E-coupons Part 2: Best practices

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Last week, “EMI” profiled Schneider Electric’s use of couponing in its online marketing efforts. This week, Carissa Newton, director of marketing for Delivra, an e-mail service provider based in Indianapolis, and Tamara Gruzbarg, digital analytics manager on the decision sciences team at Experian Marketing Services, discuss best practices for using coupons in e-mail communications:

1) Marry couponing with rich media. If you want someone to sit through your sales presentation, you can use a coupon as your carrot on a stick. You can send a link to a video, for example, and embed a call to action in the form of a coupon or offer at the end of the video, Newton said. “It gives the recipient a compelling reason to watch the video, and gives them an added incentive to make a move,” she said.

2) Create a sense of urgency. Sending out open-ended, no-expiration-date coupons may not be enough of an incentive to make a prospect follow through on a purchase. “You don’t want someone to file your offer away in their inbox,” Newton said. “You want them to act within a specific period of time so they don’t forget about your offer.” That’s not to say that subject lines or copy should be too hokey. Subject lines such as, “Act Now or Miss Out,” may do more harm than good. “You don’t want customers to think they are being strong-armed.”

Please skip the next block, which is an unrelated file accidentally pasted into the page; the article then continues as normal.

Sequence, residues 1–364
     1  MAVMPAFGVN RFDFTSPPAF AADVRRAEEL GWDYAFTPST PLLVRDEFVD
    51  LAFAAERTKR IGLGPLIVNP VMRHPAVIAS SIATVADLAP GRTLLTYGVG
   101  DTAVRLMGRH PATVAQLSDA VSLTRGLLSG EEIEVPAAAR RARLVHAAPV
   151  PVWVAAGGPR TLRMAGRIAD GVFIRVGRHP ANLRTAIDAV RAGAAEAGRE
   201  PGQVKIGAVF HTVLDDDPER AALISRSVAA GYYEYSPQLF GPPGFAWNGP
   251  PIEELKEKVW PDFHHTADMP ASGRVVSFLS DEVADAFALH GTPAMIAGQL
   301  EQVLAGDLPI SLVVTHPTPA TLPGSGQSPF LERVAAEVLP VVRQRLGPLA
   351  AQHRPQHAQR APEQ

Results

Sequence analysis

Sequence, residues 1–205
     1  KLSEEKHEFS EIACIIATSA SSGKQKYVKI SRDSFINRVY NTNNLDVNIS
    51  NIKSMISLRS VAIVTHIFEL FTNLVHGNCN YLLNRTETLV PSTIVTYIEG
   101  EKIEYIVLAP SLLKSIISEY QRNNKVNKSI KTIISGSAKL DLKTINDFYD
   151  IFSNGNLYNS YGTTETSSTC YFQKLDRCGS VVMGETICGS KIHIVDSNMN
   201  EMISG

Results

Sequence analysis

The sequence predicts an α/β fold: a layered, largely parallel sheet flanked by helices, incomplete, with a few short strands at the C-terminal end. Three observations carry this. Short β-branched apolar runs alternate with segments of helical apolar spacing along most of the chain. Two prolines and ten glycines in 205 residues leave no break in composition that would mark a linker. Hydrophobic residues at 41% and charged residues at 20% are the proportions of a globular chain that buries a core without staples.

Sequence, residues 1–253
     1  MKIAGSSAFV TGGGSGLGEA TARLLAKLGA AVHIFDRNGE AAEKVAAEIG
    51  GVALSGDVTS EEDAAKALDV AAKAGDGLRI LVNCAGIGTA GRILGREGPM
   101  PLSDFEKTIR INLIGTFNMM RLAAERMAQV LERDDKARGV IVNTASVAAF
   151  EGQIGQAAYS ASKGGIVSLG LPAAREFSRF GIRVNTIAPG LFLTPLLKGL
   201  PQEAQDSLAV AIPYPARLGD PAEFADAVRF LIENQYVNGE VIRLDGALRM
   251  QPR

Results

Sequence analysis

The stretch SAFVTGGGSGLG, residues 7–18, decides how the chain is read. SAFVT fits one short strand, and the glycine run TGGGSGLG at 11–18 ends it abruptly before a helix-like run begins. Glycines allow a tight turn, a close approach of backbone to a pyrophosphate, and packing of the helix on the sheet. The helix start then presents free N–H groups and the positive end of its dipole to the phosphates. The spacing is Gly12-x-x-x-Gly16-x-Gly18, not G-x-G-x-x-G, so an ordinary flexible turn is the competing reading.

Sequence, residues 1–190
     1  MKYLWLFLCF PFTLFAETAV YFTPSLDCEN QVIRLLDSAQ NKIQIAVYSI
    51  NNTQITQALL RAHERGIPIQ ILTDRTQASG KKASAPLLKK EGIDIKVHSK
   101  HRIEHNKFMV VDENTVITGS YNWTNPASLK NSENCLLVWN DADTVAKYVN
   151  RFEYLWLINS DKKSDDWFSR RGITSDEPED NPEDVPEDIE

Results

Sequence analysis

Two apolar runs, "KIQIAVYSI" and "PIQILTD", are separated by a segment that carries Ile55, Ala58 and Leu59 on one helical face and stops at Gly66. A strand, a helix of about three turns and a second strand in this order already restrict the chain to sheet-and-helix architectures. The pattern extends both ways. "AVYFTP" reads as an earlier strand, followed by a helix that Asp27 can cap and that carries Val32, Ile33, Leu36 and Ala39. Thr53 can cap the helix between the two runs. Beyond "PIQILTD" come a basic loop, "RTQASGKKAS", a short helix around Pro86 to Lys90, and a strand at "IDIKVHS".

3) Think carefully about the viral aspect of coupons. Some companies want prospects and customers to pass coupons on to their colleagues. Others, however, want to make coupons seem exclusive and create unique codes tied to specific customers. “Our research shows that it is extremely important to create a word-of-mouth channel where you can send an unrestricted coupon, increasing customer base and subscriber list,” Gruzbarg said. “In fact, we’ve identified this as a best practice. Forward-to-a-friend [coupons] are attractive and often used.” That said, avoid posting coupons on a landing page where they can be found and reposted to discount sites. The power of viral marketing is that the offer moves from one colleague to the next; there needs to be that human-to-human connection.

4) Use coupons selectively. If you send coupons too regularly, customers start to expect them. Some customers may not make purchases without a coupon. “They’re always going to be looking for the next great offer,” Gruzbarg said. Coupons should go out only a few times each year and should almost never go out to your best customers—the ones who buy from you all the time. You’re already getting their business, and there’s no need to erode that revenue stream. Reward that contingent with better customer service or free or overnight shipping instead.

5) Think cyclically. It doesn’t make sense to discount items or services that are strong sellers unless you’re doing so as a one-time reward for frequent customers. Coupons often work well for slower-moving items or those items you’re trying to unload quickly. “Couponing is very powerful when you’ve got one thing that you want people to act on,” Newton said.

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